But the original long-con plan that would have let Estes cover up his agency's incompetence is blown. An added complication is the budding romance between Finn Walden and Dana Brody—you're right, Homeland won't leave that stone unturned. Puppy love seems like small potatoes next to national security, but this show is just as interested in family dynamics and personal relationships as it is in foreign policy and international terrorism, so I think that conflict will get some play.
What did you think about Brody's building paranoia leading to the final scene? That, plus his family losing their faith in him, seemed like cosmic justice to me, after his actions led to Carrie's life falling apart last season. And what about Roya brushing off his concerns? I'm curious about this date she went on with Estes a while back. I hope they ordered Milano's veal bolognese.
Danielle: Nice catch -- I had forgotten about Estes and Roya getting dinner together. I agree that Estes is about to play a bigger role. Suddenly in this episode we got to see a bit more of him: he has a cute little Darth-Vader-wannabe son, and he acknowledges that he's vulnerable, no longer firmly on Team Walden since he can't tell Walden about Brody without being fired.
As for Brody's paranoia, I think it was fun to see him sweat. Carrie seemed like a problem he was done with for good at the end of last season, so I think for most of this episode he was off-balance just knowing he'd have to deal with her again. One thing I couldn't stop wondering -- how much is he playing Carrie, and how much is he still attracted to her? How much was he ever attracted to her?
Regarding Roya, I like how big of a role she's starting to play. She seemed like just a minor messenger that first time she met with Brody in his office, but increasingly she seems to be calling the shots, sending him running off to Gettysburg and now instructing him to get close with Carrie again. So in terms of her brushing off his concerns, I think it's possible that while she finds him valuable, she also may not care about him too much beyond what he can do for her/Nazir. It seems that her orders come from someone much higher-up.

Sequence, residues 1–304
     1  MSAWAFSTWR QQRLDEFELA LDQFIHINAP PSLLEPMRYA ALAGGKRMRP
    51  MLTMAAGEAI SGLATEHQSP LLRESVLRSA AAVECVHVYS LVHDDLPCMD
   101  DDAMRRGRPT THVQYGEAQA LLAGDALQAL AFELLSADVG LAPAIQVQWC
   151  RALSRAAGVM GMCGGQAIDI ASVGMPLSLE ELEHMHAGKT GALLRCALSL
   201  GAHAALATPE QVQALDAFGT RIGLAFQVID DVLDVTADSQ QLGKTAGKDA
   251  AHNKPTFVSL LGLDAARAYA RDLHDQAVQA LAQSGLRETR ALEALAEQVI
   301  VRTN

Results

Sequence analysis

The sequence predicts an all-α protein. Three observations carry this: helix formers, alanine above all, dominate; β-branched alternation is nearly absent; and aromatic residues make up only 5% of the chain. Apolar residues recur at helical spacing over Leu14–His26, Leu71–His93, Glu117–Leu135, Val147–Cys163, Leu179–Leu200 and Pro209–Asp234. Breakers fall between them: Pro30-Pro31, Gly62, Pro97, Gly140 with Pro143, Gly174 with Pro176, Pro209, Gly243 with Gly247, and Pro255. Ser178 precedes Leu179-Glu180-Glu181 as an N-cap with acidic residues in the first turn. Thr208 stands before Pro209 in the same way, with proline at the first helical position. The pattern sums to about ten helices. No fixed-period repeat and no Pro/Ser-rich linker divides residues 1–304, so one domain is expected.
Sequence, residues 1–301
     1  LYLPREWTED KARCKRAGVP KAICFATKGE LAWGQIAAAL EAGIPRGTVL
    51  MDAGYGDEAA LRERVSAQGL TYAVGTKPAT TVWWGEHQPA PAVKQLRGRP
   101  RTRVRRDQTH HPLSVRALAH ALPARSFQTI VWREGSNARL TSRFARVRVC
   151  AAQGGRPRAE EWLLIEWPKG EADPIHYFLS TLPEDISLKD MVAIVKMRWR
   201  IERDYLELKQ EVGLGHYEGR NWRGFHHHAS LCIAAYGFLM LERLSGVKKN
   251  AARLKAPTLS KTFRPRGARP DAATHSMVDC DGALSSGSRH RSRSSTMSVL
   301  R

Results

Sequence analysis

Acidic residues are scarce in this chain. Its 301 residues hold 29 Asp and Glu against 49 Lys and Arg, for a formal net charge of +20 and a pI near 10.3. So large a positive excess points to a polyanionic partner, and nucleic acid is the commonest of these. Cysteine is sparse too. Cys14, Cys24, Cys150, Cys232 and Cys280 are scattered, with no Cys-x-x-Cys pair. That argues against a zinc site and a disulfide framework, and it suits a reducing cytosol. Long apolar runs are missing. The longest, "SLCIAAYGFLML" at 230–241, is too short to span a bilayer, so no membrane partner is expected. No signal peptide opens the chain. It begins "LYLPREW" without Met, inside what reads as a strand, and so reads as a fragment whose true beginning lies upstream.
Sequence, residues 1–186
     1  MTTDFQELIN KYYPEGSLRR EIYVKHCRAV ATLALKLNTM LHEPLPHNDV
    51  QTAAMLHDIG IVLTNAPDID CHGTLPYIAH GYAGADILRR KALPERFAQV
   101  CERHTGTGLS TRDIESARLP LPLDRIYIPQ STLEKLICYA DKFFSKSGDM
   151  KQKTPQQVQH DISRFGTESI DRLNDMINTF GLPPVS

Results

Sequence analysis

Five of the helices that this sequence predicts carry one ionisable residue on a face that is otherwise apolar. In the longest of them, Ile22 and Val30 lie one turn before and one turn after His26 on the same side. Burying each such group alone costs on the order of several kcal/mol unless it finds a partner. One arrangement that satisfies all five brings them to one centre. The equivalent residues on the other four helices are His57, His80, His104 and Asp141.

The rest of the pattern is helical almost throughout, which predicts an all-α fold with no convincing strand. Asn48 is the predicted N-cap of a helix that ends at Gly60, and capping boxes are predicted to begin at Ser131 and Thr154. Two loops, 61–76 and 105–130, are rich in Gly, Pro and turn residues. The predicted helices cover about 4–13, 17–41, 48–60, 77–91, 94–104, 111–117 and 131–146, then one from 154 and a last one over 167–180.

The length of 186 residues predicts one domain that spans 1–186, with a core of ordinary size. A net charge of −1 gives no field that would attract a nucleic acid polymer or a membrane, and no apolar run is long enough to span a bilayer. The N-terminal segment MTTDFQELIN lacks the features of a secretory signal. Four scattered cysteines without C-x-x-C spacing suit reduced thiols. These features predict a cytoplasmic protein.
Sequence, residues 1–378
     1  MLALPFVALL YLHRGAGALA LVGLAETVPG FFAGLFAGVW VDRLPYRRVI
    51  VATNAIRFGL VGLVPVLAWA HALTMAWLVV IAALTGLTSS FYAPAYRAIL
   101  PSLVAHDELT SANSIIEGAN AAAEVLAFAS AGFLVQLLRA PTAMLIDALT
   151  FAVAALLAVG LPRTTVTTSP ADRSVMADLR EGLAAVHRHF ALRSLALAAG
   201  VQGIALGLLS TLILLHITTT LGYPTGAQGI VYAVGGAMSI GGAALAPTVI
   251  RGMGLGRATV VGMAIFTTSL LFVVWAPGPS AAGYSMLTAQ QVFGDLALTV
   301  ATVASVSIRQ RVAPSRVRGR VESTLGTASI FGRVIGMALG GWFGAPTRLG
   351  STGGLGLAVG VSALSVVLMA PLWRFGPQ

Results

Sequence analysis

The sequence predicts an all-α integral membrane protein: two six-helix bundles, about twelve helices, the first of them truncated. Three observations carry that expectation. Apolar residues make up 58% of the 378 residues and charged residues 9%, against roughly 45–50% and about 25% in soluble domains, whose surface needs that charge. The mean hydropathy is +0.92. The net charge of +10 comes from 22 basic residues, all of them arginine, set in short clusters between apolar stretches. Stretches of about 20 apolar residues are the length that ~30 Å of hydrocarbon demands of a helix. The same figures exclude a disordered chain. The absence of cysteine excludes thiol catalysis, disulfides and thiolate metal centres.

Also, can we talk about Jessica? She's yet another victim of main-character's-buzzkill-wife-syndrome, like the wives on Dexter and Breaking Bad. Anytime you have a secretive, morally ambiguous male protagonist, you have him doing secretive, morally ambiguous things during dinner and upsetting the missus. It makes for a really frustrating character -- she's totally understandably pissed, but she's also ruining the fun! My point being that I really hope we get more action from her in the future as opposed to reaction (i.e., getting mad at Brody). But what else can the show do with her?
Tierney: I disagree about Jessica. Yes, she does play the nagging wife role quite often, but I think her character has really grown in the last couple of episodes, particularly with last week's speech. She clearly likes being in the public eye and handles it well. It's a stretch, but I wonder if she can play the scandal that is about to ensue to her own social ladder climbing advantage, or at least score a book deal out of it. But I think, if anything, we will be getting mainly more reaction from her (I can only imagine the coming meltdown).
I think more devastating to Brody was losing the support of his daughter, who had been his ally when Jessica wasn't. Dana's line: "By the way, your car smells like smoke," was just so cold and biting the way she delivered it. Which brings me to the last thing I wanted to bring up—the episode's title "New Car Smell." It's obviously a reference to the conversation she had with the car detailer (that scene also delivered a chilling insight to Brody's growing paranoia when he hears "blood splatter" instead of "mud splatter"). But I think it is also a clue to where this show is heading. Things might seem "good as new"--with "old Carrie" back and Brody exposed for what he is--but I don't think Carrie nor her relationship with the CIA is truly fixed.